25 April 2002 at Holiday Inn Golden Mile HK
Dr. Mak Ki Yan
M.B.,B.S., M.D., F.R.C.Psych., F.H.K.A.M.(Psych.)
Anxiety is a very common phenomenon.
It can be normal reaction to stress, resulting in either fight or flight. But it can become
pathological when the degree or duration of the response is excessive. In order to qualify
for a psychiatric disorder, the patient should experience a significant distress psychologically
and/or disability functionally.
It should be noted that anxiety can occur in most psychiatric disorders (psychotic, depression,
stress related disorder).
There are three cardinal feature
1. Motor tension
Trembling, twitching or shaking
Muscle tension, aches or soreness
2. Autonomic hyperactivity
Shortness of breath
Sweating, cold clammy hands
Gastrointestinal upset – nausea, belching
Flushes or chills
Polyuria, frequent bowel motions
Dysphagia or “lump in the throat”
Feeling keyed up or on edge
Poor concentration, “going blank”
Types of Anxiety Disorders
Generalized anxiety disorder
Anxiety disorder NOS
One should rule out organic anxiety disorders including
Physical diseases e.g. thyrotoxicosis, hypoglycaemia, hypoxia, etc.
Substance-induced anxiety, either intoxication e.g. caffeine, or withdrawal e.g. alcohol, BDZ
Anxiety and depression
Quite often co-exist, and is sometimes called ‘Mixed anxiety and depressive disorder’
Generalized Anxiety Disorder
Excessive/poor control of anxiety or worry, with 3 or more symptoms:
Restlessness or feeling keyed up or on edge
Being easily fatigued
Difficulty concentrating or mind going blank
Recurrent unexpected panic attacks with fear of impending death or catastrophe, followed
by 1 month of persistent concern about additional attacks, worry about the implications of
Besides the acute somatic symptoms shortness of breath, there are some psychological
symptoms e.g. derealization & depersonalization, fear of dying, losing control, going crazy,
In addition, there is a noticeable avoidant behaviour (travelling, leaving home, lonely places,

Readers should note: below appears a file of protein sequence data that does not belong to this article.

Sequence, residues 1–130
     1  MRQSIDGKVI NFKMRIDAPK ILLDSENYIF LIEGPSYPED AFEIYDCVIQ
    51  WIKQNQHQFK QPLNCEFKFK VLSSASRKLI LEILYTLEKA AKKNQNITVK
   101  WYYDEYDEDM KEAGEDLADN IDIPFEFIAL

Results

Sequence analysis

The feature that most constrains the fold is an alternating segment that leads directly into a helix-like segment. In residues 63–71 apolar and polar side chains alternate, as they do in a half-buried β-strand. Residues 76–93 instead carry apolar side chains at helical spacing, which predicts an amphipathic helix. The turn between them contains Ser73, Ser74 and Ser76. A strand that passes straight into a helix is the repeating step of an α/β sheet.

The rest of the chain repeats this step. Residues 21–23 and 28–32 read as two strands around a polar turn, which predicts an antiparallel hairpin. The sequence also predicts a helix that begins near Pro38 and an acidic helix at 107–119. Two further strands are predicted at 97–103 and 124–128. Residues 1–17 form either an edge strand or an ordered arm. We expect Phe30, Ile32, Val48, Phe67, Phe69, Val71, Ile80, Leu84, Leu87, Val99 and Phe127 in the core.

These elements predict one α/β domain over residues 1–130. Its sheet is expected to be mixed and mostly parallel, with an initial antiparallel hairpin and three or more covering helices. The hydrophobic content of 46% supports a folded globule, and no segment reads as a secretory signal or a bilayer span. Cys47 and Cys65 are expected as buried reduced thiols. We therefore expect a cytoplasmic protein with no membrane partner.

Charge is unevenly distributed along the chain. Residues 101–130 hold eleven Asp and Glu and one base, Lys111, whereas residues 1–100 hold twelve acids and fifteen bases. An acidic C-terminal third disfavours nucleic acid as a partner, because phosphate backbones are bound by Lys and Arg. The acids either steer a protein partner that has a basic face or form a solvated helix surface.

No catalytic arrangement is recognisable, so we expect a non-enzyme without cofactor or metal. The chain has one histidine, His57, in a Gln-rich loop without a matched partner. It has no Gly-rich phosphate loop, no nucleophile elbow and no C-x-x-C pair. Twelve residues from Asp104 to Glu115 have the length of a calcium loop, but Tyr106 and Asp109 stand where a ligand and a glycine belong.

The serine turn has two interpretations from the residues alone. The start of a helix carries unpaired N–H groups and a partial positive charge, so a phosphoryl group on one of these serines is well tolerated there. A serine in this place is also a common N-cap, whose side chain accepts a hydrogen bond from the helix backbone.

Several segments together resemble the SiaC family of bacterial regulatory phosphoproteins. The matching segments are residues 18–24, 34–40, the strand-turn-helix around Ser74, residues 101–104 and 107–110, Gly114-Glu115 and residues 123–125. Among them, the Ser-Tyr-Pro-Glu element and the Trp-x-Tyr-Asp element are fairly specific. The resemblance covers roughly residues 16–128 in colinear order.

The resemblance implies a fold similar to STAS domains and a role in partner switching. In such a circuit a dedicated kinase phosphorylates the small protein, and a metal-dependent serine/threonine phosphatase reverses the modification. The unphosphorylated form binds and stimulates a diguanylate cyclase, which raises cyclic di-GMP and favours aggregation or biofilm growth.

driving on highways, going out alone, unease while waiting, unease standing in queues, etc.)
This is characterized by an ‘anticipatory anxiety’ with resulting phobic avoidant behaviour that is
out of proportion to the demands of the situation. It may co-exist with panic symptoms.
There are different types of phobias, viz.:
Fearful of open space, especially in situations difficult to escape.
Animal type e.g. spiders, snakes, etc.
Natural environment type e.g. height, etc.
Situational type e.g. hospital, etc.
NB in modern cities, many patients develop illness phobia, accident phobia
Phobia towards unfamiliar people or environment. It can either be performance (stage acting)
or interactional (social gatherings).
Obsessive Compulsive Disorder
There is a sense of absurdity and resistance. Obsessions (ruminations) can be thoughts,
images or impulses, and they can be quite exhaustive, extreme or bizarre. Compulsions
include counting, checking or washing.
In addition, there can be compulsive hoarding (intensive collection & retention of useless or
valueless items) and other overt compulsions e.g. compulsive touching, rituals, listmaking,
silent counting, uttering prayers, etc.
Finally, there is a rare condition called primary obsessive slowness when the patient spends
a lot of time doing things, with a meticulous concern for orderliness.
Management of anxiety disorders include
A detailed history taking, with note of any precipitating, predisposing and perpetuating
factors. Organic causes should be ruled out.
General therapeutic measures include relaxation techniques, psychological support, stress
coping measures such as healthy life-style, social skills training and problem solving
Anxiolytics include benzodiazepines, azapirone, antidepressants, major tranquillizers (low
dose), hydroxyzine and placebo.
The most successful psychological measure is ‘cognitive behavioural therapy’.
Treatment of anxiety disorders at the primary care level is possible, and is often very